From: Rxxxxxl Rxxxxx <[email protected]> Date: October 25, 2011 1:04:42 PM PDT To: [email protected] Subject: Malcolm Harris Kathleen, It was great chatting with you yesterday! Here's the write up on Malcolm Harris: Malcolm Harris is one of the most talked about young writers today. He has been on the vanguard of the #occupywallstreet movement well before day one of the Zuccotti part encampment began. His social media savvy and tactics flips the equation when it comes to the so-called influence of media on the youth. With Malcolm Harris at the helm, we are witnessing a new media movement where it's the youth that's influencing-- and manipulating-- the mainstream media to enact what has become a global uprising of youth demanding the change that was promised to them in 2008. As an editor at Sharable.net, Harris brought politically savvy coverage of the protest movements in Spain and Greece to the attention of the young digerati who would eventually work alongside Harris in New York City to facilitate the first planning meeting for #occupywallstreet. In the intervening months, Harris has earned the reputation he has today as the Naomi Klein of the 21st century, with his instant-classic article, "Bad Education," (http://nplusonemag.com/bad-education) which went viral in April of 2011 and remains the most cited article on the student debt crisis today (listen to Harris debate the issue on NPR here: http://www.wnyc.org/people/malcolm-harris/). Once the occupation was underway, Harris' article in the Jacobin Magazine, "Occupied Wall Street: Some Tactical Thoughts" (http://jacobinmag.com/blog/?p=1663 ) spelled out a strategy that has since helped to give the movement the force and coherence it needed to self-sustain, even without the benefit of mainstream media attention. The turning point, however, was when Harris and a group of his collaborators posed as Radiohead's manager, notified the media the band would play Zuccotti park, and caused tens of thousands of youths-- as well as news cameras and big media attention-- to turn out. Read Harris' reflections on the tactic here: http://gothamist.com/2011/10/02/alleged_radiohead_imposter_hoax_was.php Harris' forthcoming book, (title TBD) is about the student debt crisis, global uprising, new media and #occupywallstreet (title TBD) and he acted as editor of the book, Share or Die: Youth in Recession: http://shareable.net/share-or-die/contents He speaks for $5,000, not including travel and accommodations. Let me know if you have any futher questions. :) Regards, xxxx xxxxx The Lavin Agency Making the World a Smarter Place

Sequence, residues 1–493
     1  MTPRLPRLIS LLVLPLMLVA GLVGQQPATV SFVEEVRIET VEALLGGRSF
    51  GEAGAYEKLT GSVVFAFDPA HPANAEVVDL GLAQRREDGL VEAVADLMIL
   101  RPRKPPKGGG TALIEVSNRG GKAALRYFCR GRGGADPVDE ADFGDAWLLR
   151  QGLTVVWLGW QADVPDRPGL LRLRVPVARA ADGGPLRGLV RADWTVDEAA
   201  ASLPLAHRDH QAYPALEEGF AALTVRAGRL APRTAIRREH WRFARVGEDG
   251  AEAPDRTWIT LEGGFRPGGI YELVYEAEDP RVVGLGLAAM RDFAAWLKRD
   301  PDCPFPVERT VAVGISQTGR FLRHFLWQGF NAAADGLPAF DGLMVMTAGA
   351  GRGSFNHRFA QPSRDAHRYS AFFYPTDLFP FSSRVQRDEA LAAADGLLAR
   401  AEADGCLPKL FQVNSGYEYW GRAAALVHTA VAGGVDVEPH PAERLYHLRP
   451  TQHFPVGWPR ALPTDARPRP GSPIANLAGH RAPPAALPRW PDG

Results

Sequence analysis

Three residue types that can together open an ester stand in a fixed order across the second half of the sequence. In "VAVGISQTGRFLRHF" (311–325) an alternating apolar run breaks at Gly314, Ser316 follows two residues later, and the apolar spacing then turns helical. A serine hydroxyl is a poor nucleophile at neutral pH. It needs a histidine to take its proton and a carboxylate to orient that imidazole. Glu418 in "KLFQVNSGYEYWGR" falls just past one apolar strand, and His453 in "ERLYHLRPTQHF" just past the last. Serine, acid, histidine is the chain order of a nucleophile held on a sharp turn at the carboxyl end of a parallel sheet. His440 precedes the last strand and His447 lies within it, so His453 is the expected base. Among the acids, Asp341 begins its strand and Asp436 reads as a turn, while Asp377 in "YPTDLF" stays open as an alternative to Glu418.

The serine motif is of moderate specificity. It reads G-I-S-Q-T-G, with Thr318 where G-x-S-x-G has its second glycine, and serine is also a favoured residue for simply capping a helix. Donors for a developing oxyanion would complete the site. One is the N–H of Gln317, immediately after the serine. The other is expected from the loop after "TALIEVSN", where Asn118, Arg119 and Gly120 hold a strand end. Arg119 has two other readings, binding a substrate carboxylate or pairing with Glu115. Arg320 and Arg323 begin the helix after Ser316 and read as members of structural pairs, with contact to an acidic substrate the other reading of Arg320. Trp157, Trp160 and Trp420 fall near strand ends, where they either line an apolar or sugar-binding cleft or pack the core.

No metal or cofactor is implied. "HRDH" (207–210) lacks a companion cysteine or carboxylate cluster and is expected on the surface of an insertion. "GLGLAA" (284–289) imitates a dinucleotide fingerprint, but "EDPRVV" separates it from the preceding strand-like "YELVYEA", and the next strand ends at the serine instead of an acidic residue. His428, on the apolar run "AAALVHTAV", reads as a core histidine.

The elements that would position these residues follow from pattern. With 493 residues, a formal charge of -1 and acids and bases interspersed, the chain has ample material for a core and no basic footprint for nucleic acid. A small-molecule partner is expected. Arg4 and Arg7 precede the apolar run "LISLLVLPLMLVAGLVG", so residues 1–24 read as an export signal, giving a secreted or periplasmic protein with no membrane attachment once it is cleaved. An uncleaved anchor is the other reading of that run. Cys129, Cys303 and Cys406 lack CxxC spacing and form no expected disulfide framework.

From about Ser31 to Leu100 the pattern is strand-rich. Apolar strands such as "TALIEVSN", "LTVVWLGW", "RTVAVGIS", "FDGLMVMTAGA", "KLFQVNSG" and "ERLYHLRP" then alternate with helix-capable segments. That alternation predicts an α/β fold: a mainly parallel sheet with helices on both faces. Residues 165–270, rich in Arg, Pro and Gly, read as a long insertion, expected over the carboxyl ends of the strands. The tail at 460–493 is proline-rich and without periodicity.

Poor Naomi Klein.
Besides the obvious comedy here of an “anarchist” marketing himself as the “vanguard” and charging the 99% a whopping $5000 an hour just to hear him speak—what’s stunning to me is the speed with which Malcolm Harris managed to capitalize on Occupy, and the complete absence of any shame, or worry about being shamed. I’m more inclined now to believe him — that he really was there before Occupy was launched, that he was Occupy before Occupy went mainstream, or whatever it is these marketing imbeciles seem to value.